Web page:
If you cut yourself, fall off a scaffold, or even whack your thumb with a hammer, chances are you'll know you've been injured. But every day untold numbers of construction workers suffer irreversible damage to their hearing and have no idea they are being harmed. Unlike other occupational injuries, noise-induced hearing loss (NIHL) causes no immediate pain or trauma, leaves no scars or bruises, and is unnoticeable in its early stages. Damage compounds with each additional overexposure, and the hearing loss is permanent.
Industry wide, the problem has become so bad that recent studies indicate as many as 60% of construction workers have suffered a significant decline in hearing. By the age of 41, only one in five have normal hearing, and after 16 to 25 years on the job, the average worker has the hearing of someone 20 years older. Yet ironically, noise-induced hearing loss is easily and completely preventable.
Getting workers to wear hearing protection is the challenge. Construction is traditionally a “non-corporate” industry, and workers tend to be more individualistic. Many feel that wearing hearing protection devices will limit their ability to hear other things on the job, such as communication from fellow workers, warning signals, or even the change in sound a concrete mixer makes when the mud is ready. Workers do not understand how hearing loss occurs and there is a machismo among construction workers that accepts hearing loss as part of the job.
Innovations in monitoring equipment and hearing protection devices (HPDs) have substantially improved our ability to protect workers. The key is to address the human dimensions of the problem, taking into account how workers view noise, how they need to function on the job, and how they can actually use hearing safety products. We call these factors “the Four C's” of hearing protection—Caring, Comfort, Convenience, and Communication. Here's how they work:
Caring: We live in a culture that increasingly accepts noise as a fact of life. Making workers understand when and how noise can be dangerous helps them realize the need for protection. There are many ways to do this, from seminars and training programs, to posting noise levels in hazardous areas. Studies have also shown the most effective technique is to review workers' audiograms with them as part of an annual testing program. Even if they can't hear the difference in their hearing, seeing a “notch” on their audiogram makes a big impact.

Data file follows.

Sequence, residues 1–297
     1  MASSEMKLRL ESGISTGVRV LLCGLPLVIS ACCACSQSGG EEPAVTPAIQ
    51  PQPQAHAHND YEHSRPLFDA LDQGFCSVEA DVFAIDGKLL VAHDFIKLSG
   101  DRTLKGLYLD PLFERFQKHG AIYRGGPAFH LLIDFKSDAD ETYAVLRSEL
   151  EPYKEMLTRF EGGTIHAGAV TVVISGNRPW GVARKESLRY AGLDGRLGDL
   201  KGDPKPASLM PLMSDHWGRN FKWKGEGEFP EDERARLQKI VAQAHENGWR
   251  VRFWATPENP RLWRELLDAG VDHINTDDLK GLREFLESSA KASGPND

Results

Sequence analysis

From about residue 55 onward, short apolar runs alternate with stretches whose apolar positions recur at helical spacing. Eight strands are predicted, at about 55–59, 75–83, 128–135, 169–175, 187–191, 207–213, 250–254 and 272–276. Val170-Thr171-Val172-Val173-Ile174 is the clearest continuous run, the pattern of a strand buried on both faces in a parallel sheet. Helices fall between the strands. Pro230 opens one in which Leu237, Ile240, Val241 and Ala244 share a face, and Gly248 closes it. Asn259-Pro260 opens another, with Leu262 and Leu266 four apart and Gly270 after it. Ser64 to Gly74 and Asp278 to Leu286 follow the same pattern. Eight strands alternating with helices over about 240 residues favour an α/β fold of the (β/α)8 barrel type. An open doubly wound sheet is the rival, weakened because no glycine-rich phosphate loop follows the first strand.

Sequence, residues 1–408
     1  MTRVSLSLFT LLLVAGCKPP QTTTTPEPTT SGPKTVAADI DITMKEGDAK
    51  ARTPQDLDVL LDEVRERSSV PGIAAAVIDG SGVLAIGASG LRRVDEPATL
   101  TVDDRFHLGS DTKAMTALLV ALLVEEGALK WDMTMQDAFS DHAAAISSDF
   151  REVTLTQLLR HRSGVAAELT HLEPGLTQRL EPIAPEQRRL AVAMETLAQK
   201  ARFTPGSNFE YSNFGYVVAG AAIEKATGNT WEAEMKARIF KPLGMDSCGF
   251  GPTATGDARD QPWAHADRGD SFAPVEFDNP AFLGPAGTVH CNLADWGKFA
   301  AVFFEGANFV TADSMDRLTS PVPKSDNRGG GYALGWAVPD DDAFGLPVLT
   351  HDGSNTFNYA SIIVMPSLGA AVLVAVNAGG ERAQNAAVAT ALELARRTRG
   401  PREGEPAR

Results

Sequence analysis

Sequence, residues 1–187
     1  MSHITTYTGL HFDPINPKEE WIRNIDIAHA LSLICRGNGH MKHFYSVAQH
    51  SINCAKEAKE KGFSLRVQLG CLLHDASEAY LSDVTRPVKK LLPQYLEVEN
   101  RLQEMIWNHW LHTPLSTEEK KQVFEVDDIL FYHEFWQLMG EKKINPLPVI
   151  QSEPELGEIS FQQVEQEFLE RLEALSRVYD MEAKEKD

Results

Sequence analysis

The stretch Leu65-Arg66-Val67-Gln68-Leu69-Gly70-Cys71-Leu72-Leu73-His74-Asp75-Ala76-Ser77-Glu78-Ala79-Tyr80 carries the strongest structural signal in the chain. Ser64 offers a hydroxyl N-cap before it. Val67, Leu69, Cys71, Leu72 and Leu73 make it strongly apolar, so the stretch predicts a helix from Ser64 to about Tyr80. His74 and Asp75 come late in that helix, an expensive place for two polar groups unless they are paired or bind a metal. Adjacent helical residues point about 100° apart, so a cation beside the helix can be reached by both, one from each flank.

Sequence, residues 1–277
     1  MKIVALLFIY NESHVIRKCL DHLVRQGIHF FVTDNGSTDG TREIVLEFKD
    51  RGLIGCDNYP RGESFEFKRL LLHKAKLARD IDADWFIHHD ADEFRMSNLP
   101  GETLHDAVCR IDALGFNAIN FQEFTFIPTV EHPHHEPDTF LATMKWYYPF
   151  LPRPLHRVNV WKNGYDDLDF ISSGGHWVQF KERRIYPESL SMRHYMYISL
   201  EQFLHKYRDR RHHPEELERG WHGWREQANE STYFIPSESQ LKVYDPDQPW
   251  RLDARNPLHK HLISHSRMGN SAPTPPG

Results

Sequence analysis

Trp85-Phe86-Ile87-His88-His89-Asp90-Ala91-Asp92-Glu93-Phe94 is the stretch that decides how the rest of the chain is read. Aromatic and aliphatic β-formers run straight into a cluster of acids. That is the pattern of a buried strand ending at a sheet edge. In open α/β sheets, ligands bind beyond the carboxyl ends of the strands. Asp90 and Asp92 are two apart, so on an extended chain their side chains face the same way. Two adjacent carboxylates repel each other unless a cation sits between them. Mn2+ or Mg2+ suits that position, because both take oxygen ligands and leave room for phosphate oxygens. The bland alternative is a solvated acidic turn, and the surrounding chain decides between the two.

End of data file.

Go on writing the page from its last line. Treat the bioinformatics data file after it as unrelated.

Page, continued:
Comfort and Convenience: Studies have shown that workers will not wear hearing protection if it is uncomfortable or inconvenient. This is especially true on a construction site where workers are very mobile and likely to be occupied when a noise event occurs. Several new earmuff designs make hearing protection more comfortable and work in sync with other personal protective equipment (PPE), such as earmuffs that attach to hard hats, or that incorporate neckbands for wearing with welding shields. Some new styles offer brightly colored earcups and reflective headbands for increased visibility day and night. Others even come with built-in AM/FM radios and jacks for MP3 players.
Earplugs are another comfortable alternative. Corded earplugs hang conveniently around the neck when not in use. New designs that require no “rolling down” prior to insertion improve hygiene and deliver instant protection upon proper insertion. Other styles incorporate firm stems to facilitate insertion. Other earplugs use advanced materials that adapt to the wearer's ear canal for a more personalized fit. Earplug dispensers in noisy areas around the jobsite encourage use, as does insisting on “top down” compliance with company-wide hearing protection policies.
But the most common complaint workers have about HPDs is that they obstruct their hearing. Workers need to communicate on the job, and new designs and material technologies are providing solutions. For high-end applications, earmuffs are available with electronic communications capability, and even with the ability to block excessively loud sounds while electronically amplifying voice sounds to a safe volume. And for normal, more everyday applications, several new earplug and earmuff products are designed to block out more low frequency sounds while allowing higher frequency sounds, including human voices, to be heard more naturally.
— Renee S. Bessette, senior marketing/communications specialist, Bacou-Dalloz Hearing Safety Group